Newspaper Page Text
E MCK ISLAND AKG-US.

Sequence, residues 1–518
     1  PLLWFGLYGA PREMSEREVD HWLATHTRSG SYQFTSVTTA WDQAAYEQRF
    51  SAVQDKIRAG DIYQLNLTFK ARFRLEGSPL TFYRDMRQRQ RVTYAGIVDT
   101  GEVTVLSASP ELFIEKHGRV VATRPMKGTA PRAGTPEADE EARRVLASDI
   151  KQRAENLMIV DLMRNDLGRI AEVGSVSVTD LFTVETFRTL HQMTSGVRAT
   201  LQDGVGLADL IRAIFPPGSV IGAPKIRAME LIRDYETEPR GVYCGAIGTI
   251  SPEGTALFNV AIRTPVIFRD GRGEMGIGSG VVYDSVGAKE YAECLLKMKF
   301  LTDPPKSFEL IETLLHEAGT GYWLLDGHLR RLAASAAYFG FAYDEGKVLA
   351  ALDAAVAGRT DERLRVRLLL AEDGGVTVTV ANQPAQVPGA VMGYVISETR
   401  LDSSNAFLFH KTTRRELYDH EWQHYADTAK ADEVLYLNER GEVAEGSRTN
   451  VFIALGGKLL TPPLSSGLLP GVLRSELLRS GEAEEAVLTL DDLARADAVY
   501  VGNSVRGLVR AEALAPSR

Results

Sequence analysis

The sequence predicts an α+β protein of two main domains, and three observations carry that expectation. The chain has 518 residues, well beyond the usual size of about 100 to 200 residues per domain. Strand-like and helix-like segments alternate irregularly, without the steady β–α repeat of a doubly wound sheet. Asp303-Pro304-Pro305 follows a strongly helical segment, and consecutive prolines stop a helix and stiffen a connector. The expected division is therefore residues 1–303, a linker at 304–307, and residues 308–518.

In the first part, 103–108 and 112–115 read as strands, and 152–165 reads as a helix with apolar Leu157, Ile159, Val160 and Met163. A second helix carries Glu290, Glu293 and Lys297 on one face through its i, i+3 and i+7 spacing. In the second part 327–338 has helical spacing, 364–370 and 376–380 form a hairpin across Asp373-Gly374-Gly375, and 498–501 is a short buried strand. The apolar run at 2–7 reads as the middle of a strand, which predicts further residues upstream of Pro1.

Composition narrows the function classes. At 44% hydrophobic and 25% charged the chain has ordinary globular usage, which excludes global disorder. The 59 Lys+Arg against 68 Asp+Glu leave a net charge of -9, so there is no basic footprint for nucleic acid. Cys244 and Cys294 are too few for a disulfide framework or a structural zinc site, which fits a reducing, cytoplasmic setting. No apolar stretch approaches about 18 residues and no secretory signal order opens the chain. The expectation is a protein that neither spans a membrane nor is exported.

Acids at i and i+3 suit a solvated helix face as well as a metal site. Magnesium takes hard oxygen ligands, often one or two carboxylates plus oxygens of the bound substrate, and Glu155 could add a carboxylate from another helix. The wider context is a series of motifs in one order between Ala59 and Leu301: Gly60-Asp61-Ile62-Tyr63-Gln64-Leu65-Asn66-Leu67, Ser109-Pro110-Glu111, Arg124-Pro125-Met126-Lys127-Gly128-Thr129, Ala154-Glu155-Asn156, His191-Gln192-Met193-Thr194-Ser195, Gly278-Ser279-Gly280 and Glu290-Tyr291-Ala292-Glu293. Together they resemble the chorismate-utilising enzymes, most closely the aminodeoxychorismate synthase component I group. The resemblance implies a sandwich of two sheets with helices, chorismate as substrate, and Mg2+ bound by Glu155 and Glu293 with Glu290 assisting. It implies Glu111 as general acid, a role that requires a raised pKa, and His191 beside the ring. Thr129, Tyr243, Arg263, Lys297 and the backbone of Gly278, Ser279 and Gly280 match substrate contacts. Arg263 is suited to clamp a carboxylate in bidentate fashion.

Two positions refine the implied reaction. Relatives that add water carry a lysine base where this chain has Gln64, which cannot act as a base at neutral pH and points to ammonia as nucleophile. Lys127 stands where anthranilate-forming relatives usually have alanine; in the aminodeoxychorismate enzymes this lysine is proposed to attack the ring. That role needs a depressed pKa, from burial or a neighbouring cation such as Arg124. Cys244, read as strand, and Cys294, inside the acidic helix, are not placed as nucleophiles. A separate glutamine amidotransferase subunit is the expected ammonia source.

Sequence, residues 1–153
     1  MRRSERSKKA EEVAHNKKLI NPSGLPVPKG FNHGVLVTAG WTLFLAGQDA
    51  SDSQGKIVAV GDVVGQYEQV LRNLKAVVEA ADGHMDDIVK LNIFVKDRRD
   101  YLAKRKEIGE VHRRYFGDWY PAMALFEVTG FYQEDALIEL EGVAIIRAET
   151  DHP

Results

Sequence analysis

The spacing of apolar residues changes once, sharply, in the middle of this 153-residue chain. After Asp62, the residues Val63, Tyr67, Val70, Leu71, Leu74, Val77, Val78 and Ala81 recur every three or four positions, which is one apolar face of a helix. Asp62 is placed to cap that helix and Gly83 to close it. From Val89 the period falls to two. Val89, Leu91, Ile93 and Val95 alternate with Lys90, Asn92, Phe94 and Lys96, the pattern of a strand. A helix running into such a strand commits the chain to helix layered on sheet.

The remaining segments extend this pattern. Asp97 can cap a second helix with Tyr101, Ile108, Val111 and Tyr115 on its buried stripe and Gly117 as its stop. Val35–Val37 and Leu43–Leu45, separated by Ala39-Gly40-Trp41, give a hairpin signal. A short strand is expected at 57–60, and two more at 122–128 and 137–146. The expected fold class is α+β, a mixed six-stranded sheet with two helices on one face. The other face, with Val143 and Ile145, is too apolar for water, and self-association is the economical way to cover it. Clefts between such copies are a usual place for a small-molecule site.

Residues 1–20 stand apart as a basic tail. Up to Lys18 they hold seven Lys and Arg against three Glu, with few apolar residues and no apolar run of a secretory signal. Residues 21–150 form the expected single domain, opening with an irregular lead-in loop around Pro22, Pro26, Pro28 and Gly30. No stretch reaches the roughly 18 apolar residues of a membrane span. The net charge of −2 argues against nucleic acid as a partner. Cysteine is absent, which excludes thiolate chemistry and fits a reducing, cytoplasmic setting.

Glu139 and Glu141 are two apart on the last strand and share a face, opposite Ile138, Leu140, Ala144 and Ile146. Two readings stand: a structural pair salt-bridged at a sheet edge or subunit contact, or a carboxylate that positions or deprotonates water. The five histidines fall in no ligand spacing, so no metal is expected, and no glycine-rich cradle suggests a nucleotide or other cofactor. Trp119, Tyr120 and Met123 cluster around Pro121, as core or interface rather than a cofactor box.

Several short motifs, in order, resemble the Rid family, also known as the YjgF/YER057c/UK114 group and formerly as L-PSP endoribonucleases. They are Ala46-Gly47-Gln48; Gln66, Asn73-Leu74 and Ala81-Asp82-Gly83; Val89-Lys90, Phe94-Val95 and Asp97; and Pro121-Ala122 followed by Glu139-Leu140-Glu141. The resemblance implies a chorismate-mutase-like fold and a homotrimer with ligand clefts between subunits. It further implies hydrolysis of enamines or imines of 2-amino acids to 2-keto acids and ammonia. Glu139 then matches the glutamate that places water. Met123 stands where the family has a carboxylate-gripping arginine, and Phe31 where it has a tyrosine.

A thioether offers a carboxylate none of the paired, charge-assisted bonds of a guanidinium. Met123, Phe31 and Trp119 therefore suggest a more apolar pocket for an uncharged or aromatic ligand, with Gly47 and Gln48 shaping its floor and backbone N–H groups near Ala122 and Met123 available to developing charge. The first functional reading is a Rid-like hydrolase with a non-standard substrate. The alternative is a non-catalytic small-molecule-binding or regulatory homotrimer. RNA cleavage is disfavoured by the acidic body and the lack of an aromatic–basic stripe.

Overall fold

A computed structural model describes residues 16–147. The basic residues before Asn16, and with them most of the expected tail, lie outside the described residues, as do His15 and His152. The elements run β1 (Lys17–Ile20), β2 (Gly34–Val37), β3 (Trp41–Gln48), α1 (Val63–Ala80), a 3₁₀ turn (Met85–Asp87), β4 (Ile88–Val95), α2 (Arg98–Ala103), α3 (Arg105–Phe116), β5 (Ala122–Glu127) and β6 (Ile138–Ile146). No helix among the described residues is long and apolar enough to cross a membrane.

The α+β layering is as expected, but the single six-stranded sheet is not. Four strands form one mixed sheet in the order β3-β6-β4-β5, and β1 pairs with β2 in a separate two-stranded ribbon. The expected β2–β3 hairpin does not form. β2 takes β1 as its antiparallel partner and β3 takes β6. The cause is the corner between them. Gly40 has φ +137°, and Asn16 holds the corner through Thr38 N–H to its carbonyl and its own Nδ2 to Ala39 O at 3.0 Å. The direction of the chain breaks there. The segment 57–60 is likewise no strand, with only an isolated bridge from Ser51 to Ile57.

AND DAILY UNION. SIXTY-NINTH YEAR. NO. 159. ASSOCIATED PUSS IXASKD WIU. FRIDAY APRIL 23, 1920 -TWENTY-FOUR PAGES DKITEb PRESS UCASED WIM. PRICE FIVE CENTS., nn Uvuu TH m COIWEHTION HONOR LOST BY SENATOR Voted Down for Delegate by Party for Aversion to the League. W Joplin, Mo., April 23 The Dem ocratic Btaie convention in session here this morning voted to reject the selection of United States Sen ator James A. Keed as district del egate to the national convention tnd to return his name to the Fifth district caucus which nominated him. The vote was 1,070 to 490, four not voting. It came as the climax to an all-night session of the con vention in which wrangling and filibustering played an important part. Spirited debate preceded the roll oil. The Fifth district delegation (Kansas City and Jackson county) and the St. Louis delegation, with the exception of two wards, cast their ballots against the measure. With the Reed .controversy, which consumed three hours, disposed of, the convention proceeded rapidly with Hi business, confirming the other district delegates and re electing by acclamation Edward F. Goltra of St. Louis to be national committeeman. The convention adjourned sine die at 8:25 o'clock this morning, Senator Denounced. In the debate which preceded the vote Senator Reed was denounced and praised by several speakers. Among those who spoke against him were Frank Curlee and Charles M. Hay, both of St. Louis, and Mrs. W. W. Martin of Cape Girardeau; those appearing in his behalf in cluded Leo Merriweather of St. Louis; Josh Hannon, Kansas City; . 0. L Harvey, Kansas City, the senator's legal partner, and Em met O'Malley, Kansas Ctty. Floyd Jacobs and Colonel E. M. Harber, both of Kansas City, made pleas that he be sent to the convention for the sake of party harmony. "Missouri has suffered long and has been patient, but her hour of vindication has struck," Mr. Curlee aid in opening the debate for the opposition. Pro-German Hint. He declared that "Senator Reed's political offenses antedated his op position, to the League of Nations covenant," and asserted that by his course in the senate daring the I war, the senator "equivocated and gytondoned until he led the country T to wonder whether Missouri was ot more pro-German than pro American.'' The senator, he said, condoned the sinking of the Lusitania by a German submarine, and after the r broke out opposed measures designed to wn the war. "While I was in the United States army," he said, "Senator Seed was in Washington opposing the food control act upon which I depended for food." "Hate for 111." Discussing Senator Reed's oppo sition to the League of Nations covenant, he declared that "he had only hate for the president, hate tor England, hate for humanity, Mte for everyqpe but the follow er of this august personage." "Today," he said in conclusion, The dispatches will carry to the f corners of the world the fact that Missouri is pure and patriotic Md that her tyrant traducer 'has h dethroned." Mr. Har? discussed the senator's opposition to the League of Na "wm and declared that, -it h had erted his efforts toward ratifica- tirm a u- . .... . tT, 01 tlle tenant instead of op- fwng it, the league would be a act today." Opposed by Women. "Do you want this man to rep you at the national conven er he asked. "The most diffi witproblem the newly enfranchis es Democratic women voters have " Mplaining Senator Reed," de 2"f Mrs. Martin. "We -an't ex- (Continued on page six). PACKERAGENTS HELD TO TRIAL AS PROFITEERS c Tk. Ajril 23. Indictments j rth," "meeting in meats were . ''aimed todav bv a fcnVmi mnd v cu B'ookryn, against the Chi- Packing houses of Armour & ' it Co, and Wilson & Co., Hs. I representatives here. euTt. Ca We indicted on four ted!. AnnHlr & Co., on three, Th?" & Co., on one. Uioo ren.were aigned and the itZ . ' whicn they and tneir d. now under, were contin- Th. i-. 'uaictments were found on "Plaints by agents of the depart ' stL. ( Justice wht hae been in . "gating alleged profiteering several vi .vae Explorer Amundsen is Found on Retiring Sea After 2-Year Silence Nome, Alaska, April 23. (By the Associated Press.) Captain Roald Amundsen, discoverer of the South Pole, has arrived at Anadir, a trad ing post of the Behring Sea, East ern Siberia, according: to a wire less message from Anadir received here last night. (Christiania dispatches of March 26, last, reported Captain Amund sen had left his ship, the Maude, with two men on a new dash for the North Pole.) Missing 19 Months. For more than 19 months the silences of Polar seas have shroud ed the vessel that bore Roald Amundsen and his shipmates in their North Pole venture. Amundsen's vessel, the Maude, took on oil at Dixson island, in the White sea, about Sept 1, 1918, and soon after sailed off to the north east through the Arctic. It was the explorer s plan to drive the ship as far northward as he could, then to lodge her in the ice and permit her to be dragged along with the enormous floes. There is some uncertainty as to the exact point reached by Amund Iowa G. O. p. Candidacy of Lowden Des Moines, Iowa, April 23. Iowa's 26 votes in the Republican national convention in June will be cast for Governor Frank O. Low den of Illinois, for president, lead ers of the party said today. The delegates from the two con gressional districts, who were not instructed when elected yesterday, will vote with the others who were instructed in the caucus and state convention, M. J. Tobin, chairman of the state convention declared. Governor Indorsed. The resolution adopted by the delegates at large read: "The Republicans of Iowa whole heartedly indorse the candidacy of Governor Frank O. Lowdeu of Illi nois for president of the United States. This state knew him in his youth and has watched him in his maturity. It knows' his worth, has PLAN NATIONAL OVERALL DRIVE TO GUT PRICES New York, April 23. A nation wide, continuous drive against profiteering in wearing apparel will be started by the Cheese club at the conclusion of Saturday a overall parade on Broadway, it was an nounced today. The marchers will hold a mass meeting, and effect a permanent organization, with which overall clubs throughout the country will be invited to affiliate. "We are not going to let this thing die with the parade," said Walter J. Kingsley, chairman or the parade committee. "We are going to show those who sneer at us, that the demonstration is neither a fad nor a joke." Los Angeles, Cal., April zs. Dressed in overalls and khaki or in gingham gowns, '100 men and wom en professors of the university of Southern California, attended an "Overalls" banquet in Los Angeles last night and heard President George H. Bovards announce in creases in their salaries. 4 HURT IN MASON CITY TRAIN JUMP ONM.& ST . L. UNE Maswi Citv. Iowa, ADril 23 Four persons were injured, none serious ly when an M. & St. I passenger train left the track four miles sooth of Hampton. Iowa, at 6 a. m. today. local officials staieu. me rajurw are: Arthur Sanford, Mason City, bad ly bruised. C h. Martin. baggageman, reo- ria, 111., small cute and bruises. M. Rosenthaul, Toteao, unio, legs bruised. G. Grundberg, Mason City, Blight ly bruised. All the injured persons were tak en to the office of the company phy sician at Hampton. . FLYER DROWNS IN COLORADO RIVER Vnma Ari.. Anril 23. Lieuten ant C F. Bell, U. S. A., aviator, was drowned when his plane, in wmcn he was attempting to fly under a bridge,, struck a wire and fell into the Colorado river. BILLS HIMSELF SO WIFE MAY BE FREE Walsenbnrg, Col.. April 23. Dr. K. L. Klock. aged 87. killed him self to set free his 19-year-old wife, who he married a year ago. - . sen in Siberia. Anadir is not the name of a town, bat of a river, which rises northwest of Kam chatka and flows eastward, empty ing into the Pacific To reach this river by the sea, he would have been forced to go through Behring Strait, between Siberia and Alaska. Deduction af Trip. There is a Russian trading post known as Anadyrsk located on the Anadir river, about 300 miles from the month ' of the stream, but Amundsen could not reach it by vessel, as is understood in reports. If he should have reached that town, it seems probable he landed from his ship on the northern coast of the continent and made the trip southward by land. The month of the Anadir river is about 3,600 miles east of Dixson is land, where Amnndsen began his long Arctic voyage. Amundsen's purpose was not primarily to reach the North Pole, but to make scientific observations, take surroundings, study the drift of polar ice and collect important data as to oceanic conditions in the far north. - - . Endorses pride in his achievement;, and be lieves in his sound judgment, patri otic purpose, Republican convic tion, and administrative capacity. It is confident that the Republican national convention in nominating him for president will be render ing the best possible service to the people of the United States. Delegates Instructed. "The Republicans of Iowa in con vention assembled, this 22nd day of April,, 1920, hereby instructs its delegates to the Republican na tional convention to be held at Chicago in June, to vote for Gov ernor Frank O. Lowden for presi dent, and to use all honorable means to secure ' his nomination and election." - - - - H. O. Weaver of Wapello is chair man of the Iowa delegation, L. C. Kurtz, Des Moines, treasurer, and Fred Davis, Sioux City, secretary. AMERICAN PLAN IS SCANNED AT SAN REMO MEET San Remo,. April 23. The official statement issued after this morn ing's sitting of the supreme coun cil says: "The supreme council at this morning's meeting continued its discussion of the frontiers of Ar menia and of the aid to be given the Armenian state for its forma tion. M. Aharonian, head of the Armenian delegation from the re public of Erivan, was supplied with full explanations. Smyrnia's status, with the assistance of Premier Venizelos (of Greece) was definitely approved. Britain to Recapitulate. San ,, Remo, April 23. Premier Lloyd George of Great Britain would approve of Anglo-French oc cupation of the Ruhr district of Germany in the event the Berlin government should refuse to suit ably live up to the revised terms of the Versailles treaty, says "Per tinax," political editor of the Echo d'Paris. He says intimation to this effect has come through a member of the British premier's suite, for the purpose of overcoming Premier Millerand's opposition to revision of the German treaty. Bar German Envoy. London, April 23. The London Times 'today confirms the Paris re ports of yesterday that Premiers Lloyd George and Nitti had urged that a German representative be summoned to San Remo for the pur pose of revising the treaty of Ver sailles, but that the proposal col lapsed owing to French and Belgian opposition. To this the newspaper adds: "We understand that any attempt to revise the treaty without con sultating the United States will be resented by America,' who will con sider England responsible for any complication that may ensue." . Johnson It Scene. San Remo, April 23. (By The Associated Press.) Robert Under wood Johnson, American ambasador to Italy, arrived this morning to act as observer for the United States during the sittings of the supreme council as instructed by the department at Washington. LATEST NEBRASKA FIGURES JOHNSON PLURALITY 15,021 Lincoln, Neb.. April 23. The plu rality polled by United States Sen ator iliram W. Johnson of Califor nia over Major General Leonard Wood for Republican presidential preference in Tuesday's Nebraska primary has increased to 15.021. according to returns compiled by the Lincoln Daily Star. U. S. Warships Urged For Mexico NAVY CHIEF WITH FLEET TAKES LIFE Rear Admiral Brittain, Admiral Wilson Aide, Kills Self in Cuba. Washington, April 23 Rear Ad miral Carlo B. Brittain, chief of staff for Admiral Henry1 B. Wilson, commander of the Atlantic fleet, committed suicide by shooting him self yesterday while on duty with the fleet in Cuban waters. No Motive Reported. . Admiral Wilson, in advising the navy department of Admiral Brit tain's death, gave no reason for the admiral's act. The body will be brought to the United States on the hospital ship Solace. Admiral Brittain's home was at Richmond, Ky. Was 53 Tears Old. Admiral Brittain was born at Pin evil le, Ky., 53 years ago, and was graduated from the Naval academy in 1S8S. For his services aboard the Newark in the battle of Santiago during the Spanish American war he was awarded the Sampson medal. Bear Admiral Six Years. From 1900 to 1903 he was sta tioned in the Philippines and from 1905 to 1907 he was cn the staff of the commander of the North Atlan tic fleet. He was made a rear ad miral in 1914. CHICAGO LABOR LEADER KILLED; TRACE SUSPECT Chicago. April 23. Maclay Hoyne, state's attorney, announced early today he had gained information which would result in the arrest of the unidentified man who yesterday shot and killed Edward Coleman, head of the . Chicago Teamsters' district council, in a new outbreak of Chicago's labor warfare. Two members of the teamsters' council, "Mickey" Norris nd John Haley, named by Coleman as en emies before he died, were being held. Police officials attributed the shooting to a factional fight among leaders of the teamsters' organ ization. KANSAS CITY STAR SUED FOR $2,500,000 Kansas City, April 23. Suit for $2,500,000 was filed yesterday against the Kansas City Star, by Dr. B. C. Clark Hyde, tried three times in connection with the death of Thomas H. Swope, millionaire. HOLD MEXICAN FOR TRYING TO SPIRIT woman into u. s. rinnirlas Arir Anril 23. IenaciO Pesqneira, chief justice of the Mex ico supreme court, said to have been appointed military governor of Sonora, was arrested by United States officers as he stepped off a train here today. A woman, said to have been brought here by Pes qneira from Mexico, was detained. Pesqueira's arrest was said to be in connection with bringing the woman into the United States and transporting her here from Laredo, TTa Pesnueira is married and one of his sons, Roberto Pesqneira, was financial agent ior me tar ranza government at El Paso. CHAPLAIN SCHOOL FOR CAMP GRANT Washington, April 23. A school for army chaplains will be opened soon at Camp Grant, 111., the war department announced today. Tbe first class of 15 students will be gin their studies May 15. CENSUS REPORTS. (By United PreM.) Washington. April 23. The cen sus bureau today announced the following 1920 population figures: Springfield, Ohio, 60,840. Homestead. Pa., 20,452. Fergus Falls, Minn., 7,581. Watertown, Wis., 9,299. Webster City, Iowa, 5,657. Increases since 1910: Springfield, 13,919 or 29.7; Home- 1 stead. 1,739 or 9.3; Fergus Falls, 694 or 10.1; Watertown, 470 or 5.3; '.Webster City, 443 or 8.S. GA1LLAUX GETS 3 YEARS, WITH MONTH 111 JAIL French Court Cuts Time Since Ar ; rest of Former Premier far War Misdeeds. BULLETIN. Paris,. April 23. The sen. tenee decided upon by the high court far former Premier raillaux, H was learned this afternoon besides three years' imprisonment and payment of the costs of the trial, includes banishment for five years and loss of rivie rights for 10 , years. Paris, April 23. Sentence of three years' imprisonment was im posed today upon former Premier Joseph Caillaux, convicted by the high court yesterday of commerce and correspondence with the en emy. The time during which he was under arrest will be deducted, however, leaving him but one month to serve. The ex-premier was sentenced also to pay the cost of the trial: Loses Bight to Tote. One feature of the penalty which will be inflicted upon Caillaux will be loss of his right to vote and eligibility to hold public office. This was decided by the senate, sit tfng as a high court, when it re sumed its sessions behind closed doors at 10:30 o'clock this morning to discuss the text of the verdict It was agreed that he should not lose his other civic rights. "They offered to make me the most popular corpse in France," said Mr. Caillaux to Maitre Moutet of his counsel, when the attorney rat formed him last night of the ver dL:t&f the high court ' Do 5u -think that for a moment I have entertained the slightest il lusion T Mr.. Caillaux asked his counsel when the latter condoled with him over the fear that the sentence would be one of banish ment' ' ' Unmoved by Sentence. M. Caillaux received the news of his conviction stolidly, showing less temper than at any time since tbe trial began. That the contest is not over and that M. Caillaux's friends in the high court are fight ing to the bitter end was shown this morning, when after a two hours' session the court failed to agree on the text of the verdict to be read to M. Caillaux, rejecting the text presented by the investiga tion commission of the senate as too severe. Article 78 of the military code, under which M. Caillaux was con victed, dates back to 1808. and was aimed especially at French busi ness men guilty of correspondence with British brokers during the continental blockade and giving them stock exchange figures and other information. . M. Caillaux's plans have not been made public, but it is learned on good authority that if he is sen tenced to banishment for any length of time, he will proceed to South America. AVERAGE WAGE OF PASTORS $937 YEAR Chicago, April 23. The average annual salarv of American minis ters is $937 and more than half re ceive less than the minimum work man's wage, a survey Dy trie mter church world movement reveals, R. D. Jenkins, Chicago director, announced today. Ii9 than nne ner cent of the clergy in the United States have a yearly income of more tnan ?3,uou, he said the survey showed. ARLINGTON GRAVES FOR SOLDIER DEAD Washington, April 23. Burial services for 19 soldiers, whose bod ies recently were brought back from' overseas, will be held at Ar lington this afternoon with the usual" military honors. Tbe bodies will be interred in the European section of the cemetery. WHEAT DIRECTOR ' FETED AT FEAST New York, April 23 A testimon ial dinner was tendered Julius H. Barnes, United States wheat direc tor, bjf 1,100 business men of the country. "YUMA ELD" GETS TERM FOR MURDER ChicagoApril 23. Richard Puts, the "Yuma Kid," aged 16 years, was sentenced to prison for 14 years this morning for the murder of J. F. Borchman, 65, a haberdasher's clerk. j Puts asked for a pair of socks in the store where the clerk was em ployed. He offered a dime in pay ment, and was told the price was 25 cents. -The boy drew a revolver and killed the clerk. AMERICAN INTERESTS BACK PLEA Requests to Protect U. S. Interests Come From 3 Sea Coast Points. Washington, April 2S Amer ican government representa tives in .Mexico have asked for dispatch of warships to that country to protect American citizens and their property. . Tbe request came from Ma xatian and Topoipbanipo on the Haeitlc coast and Frontera, nn the tinlf coast Officials of the state, war and navy depart ments are investigating the re quests, explaining that in times of disturbances n the southern republic it is not unusual to receive requests for warships when there is no need for them. Details as to tbe requests of the, American agents were not made! public Advices today said that! 250 Mexican federal troons with two cannon had arrived at Mazat lan, but there have been no reports of disturbances there or at the other two ports. Ferment Grows Acute, Other reports received today, However, indicated a growing fer ment which was described as rap idly, approaching an acute stage, and it was said that it was clear that communication with various points in Mexico was being inter fered with. Advices received here today by General Salvador Alvaradb, repre sentative of Sonora, said that Co lonel Rodolfo Gall egos defeated a Carranzista force under General Rosalia Roderiguez at Linares and that the federals retreated toward Monterey. . It was also said that Carranza had ordered a general conference of governors at Monterey. INDIAN ALLIES OF CARRANZA JOIN REVOLT Agua Prieta, Senora, April 23. (Mexican.) More than 1,000 Mayo Indians, veterans of tbe last revo lution in Mexico which put Presi dent Carranza in power, are en Toute here to join as many more Yaqui and Mayo Indians already in this district in the attempt of Sonora to overthrow the Mexican president, it was said at military headquarters today. The vanguard of the Carranza troops that are ex pected to attack Sonora from Chi huahua, last night were encamped at Ojitos, Chihuahua, according to telegraphic information received here. No attempt yet has been made to force a way through- the mountains. Passports issued to American citizens and vised by Carranza con suls are not being accepted by I Sonora immigration officials. General Calles announced he would issue a manifesto today con cerning the Sonora revolution and its aims. POLICE DISPERSE NEGRO ATTACKERS AT INDIANAPOLIS Indianapolis. Ind., April 23. In dianapolis was quiet today follow ing riotous scenes last night when the police dispersed a mob of more than 2,000 persons bent upon lynching William Ray, colored, who is alleged to have confessed to the murder of Martha Huff, a young white girl. One person was shot in an ex change of shots in the vicinity of the Marion county jail, where Ray is confined, and the police made 15 arrests. UNDER SECRETARY OF IRELAND QUITS London, April 23. Sir John Tay lor, under secretary in the Irish administration, will resign as a part Of the new government pol icy toward Ireland, says the Daily Sketch. . AIR CHLEFS PLAN FLIGHT TO DAYTON Washington, April 23. Brigadier General William Mitchell and five other officers of the army air serv ice will leave Washington tomor row morning to fly to Dayton, Ohio.!, BETTER LABOR OUTLOOK THAN SINCE THE WAR Little Real Radicalism and Cause of Discon tent Being Removed. BT DATED LAWBEKCE. (Special to The Argus.) Washington, D. C April 23. Labor conditions throughout the United States present a more hope ful prospect today than they have since the close of the war. The number of major strikes has been reduced to a few. While there are many minor strikes and while there is an undercurrent of unrest the outlook is distinctly satisfac tory to government officials. There is a difference of opinion as to what broke the so-called "outlaw" strike on the railroads, but everybody is agreed that it is petering out. Attorney General Palmer -naturally believes the ex pose of the radicalism - alleged to be behind ' the railway strike did the trick. Others think the quiet work of trained conciliators em ployed by the government together with the establishment of the rail road labor board helped send the strikers back to work. Certainly, the evidence gathered by the folks at the department of labor would seem to indicate that dissatisfaction with the cost of living as well as a feeling that the brotherhood officers were too slow in pushing the wage demands bad more to do with the Btrike than radicalism or even the activity of the L W. W. It is admitted at the department of labor that the I. W. W.s have made use of the oppor tunity to agitate for the "one big union," but that in itself has not yet been declared illegal. Trouble Within Fnions. Investigation of the causes of the railroad strike is proceeding and it is interesting to find that the in formation gathered at the depart ment of labor emphasizes internal troubles in the railway brother hoods as well as the cost of living. It is reported . for instance that many of the railroad men have been dissatisfied with Vv. u. Lee, president of the Brotherhood of Railway Trainmen, and that the strike is an attack on his leader ship. Some representatives would seem to indicate resentment over Mr. Lee's alleged activity or support (Continued on page four). FARM HELP SCARCE MEREDITH WARNING Washington, April 23. A shorU age of farm labor which will be as acute as that of 1918 threatens to curtail food production on Ameri can farms. Secretary of Agricul ture Meredith said today in an ap peal to business men and college students to spend their vacations working on farms, particularly as helpers in harvest fields. The supply of farm labor is only' 72 per cent of normal, reports to tbe department indicate. MT. VERNON SHRINE VISITED BY D. A. R. Washington, April 23. A pil grimage to Mount Vernon to place wreaths on the tombs of George and Martha Washington was the chief event on the program for to day's session of the continental congress of the Daughters of tbe American Revolution. Tbe election of Mrs. George May nard Minor as president general, and the other national officers, was announced late last night. TRADE KINGS OUT TO BOOST BUYING Chicago. April 23. A delegation of ;0 Chicago business men headed by Wyllys Baird. president of the Chicago Association of Commerce, will start on a 4,000-mile trade ex tension trip to the Pacific coast on May 1, it was announced today. The Weather Generally fair tonight and Satur day; somewhat warmer Saturday. Highest temperature yesterday, 68; lowest last night, 43. Wind velocity at 7 a. m., 17 miles. Precipitation in 24 hours, .08 inches. 12 m. 7 p.m. 7 a.m. yester. yester. today Dry bulb temp... 56 . 44 43 Wet bulb temp... 48 4.1 41 Rel. humidity ...s4 91 85 Daily River Bulletin. Chang Stage. 24 hrs. Red Wing 5.8 ... La Crosse ; 7.4 0.3 Dubuque 11.5 . 0.3 Clinton 11.9 0-3 LeClaire Rock Island ....11.3 8.2 Muscatine ........ 12.S 0.3 Biver Forecast Slowly falling stages in the Mis sissippi will continue from below Dubuque to Muscatine till heavy rains occur. J. M.SKER1ER, Meteorologist. DEFEAT IS ADMITTED BY 6RUNAU Cannot Fight U. S., Strike Chief Says Will Urge Break at Once. BIJL1ETT5. Chicago, April 83-Striking . railroadws meeting here this afternoon adjourned without taking action toward calling oil the "outlaw strike. Adjournment was taken when it developed (hat railroad man agers had ignored an invitation to attend and discuss the men's demands. The managers have refused to treat with tbe "out laws, as all were members of the established brotherhoods with which the roads have con tracts. Xew York, April 2S.- Rail mad managers today flatly re fused a direct appeal of the. strikers in the New York dis trict that they be restored to duty with full seniority rights aad the strike be settled "in the public interest," Chicago, April 23. Striking switchmen and enginemen met to-' day at the call of insurgent union officials in another attempt to bring about a settlement of the un-, authorized walkout tn the Chicago district. Admitting defeat of the outlaw movement, John Grunan, president of the Chicago Yardmen's associa tion, said he would advise-the men to return to work. "We conld fight the railway brotherhoods and the railroad of ficials," said Grunau, "but we can not fight tbe government So far as our immediate demands for wage increases are concerned the strike has been a failure." Grunau declared, however, the fight for permanent maintenance of the insurgent unions would bo carried on. C. S. Spurns Parley. Federal officials, including Judge K. M. Landis, declined invitations to be present at the mass meeting. "The government will not parley i with the strikers," said Henry S.i Mitchell, special assistant to the United States attorney general. Return of additional strikers,, railroad officials said, brought; freight movement in Chicago to 80 ; per cent of normal. Elsewhere throughout the west to the Pacific i coast freight traffic was reported! returning to normal. ew Order Planned. Washington. April 23. Forma-! tion of a new national organlza-t - tion of railroad men baa been un-j dertaken by representatives here of i the striking switchmen in Chicago, j New York, Cleveland, St. Louis and j other cities. R. J. Mitchell of Chi-1 cago, today said efforts would boi made to enroll workers in all rail-1 road crafts both in the United! States and Canada. Final organization can not be i - effected. Mr. Mitchell said, "until! the plan has been referred to the local organization." He estimated that the membership would be 75. 000 at the start and said contracts. with the railroad would be sought. Represents 4.1,000. ( J. P. Foley of the Cleveland Yardmen's association, said tba committee now in Washington rep resented 41,000 men in the newly organized organizations and that ' elections for a grand lodge would be held in November. Spokesmen for the New York and New Jersey strikers declared they would affiliate with the new organi zation. Meantime, the representatives of the strikers have perfected a working agreement under which they will unite in an effort to get their case before the railroad labor board. Leaders Face Arrest. Cleveland. Ohio, April 23. Im mediate arrest of railroad strike leaders in Cleveland unless they ordered swachmen to return to work by tomorrow morning was threatened by federal agents today. The warning was given to F. J. O'Rourke, president of the Cle-. land Yardmen's association by John Sawken, of the department of Jus tics, Just before the executive com mittee of the association met at noon. ' ' . ' ' : ' ,1 : CIVIL WAR VETS GET MORE PENSION (Washington, April 23. The house bill increasing pensions of Civil war veterans to $50 monthly and thoee of the widows of veterans to $30 monthly was passed today by the senate and now goes to con ference. The increases were pro vided to meet the rising costs ot living. --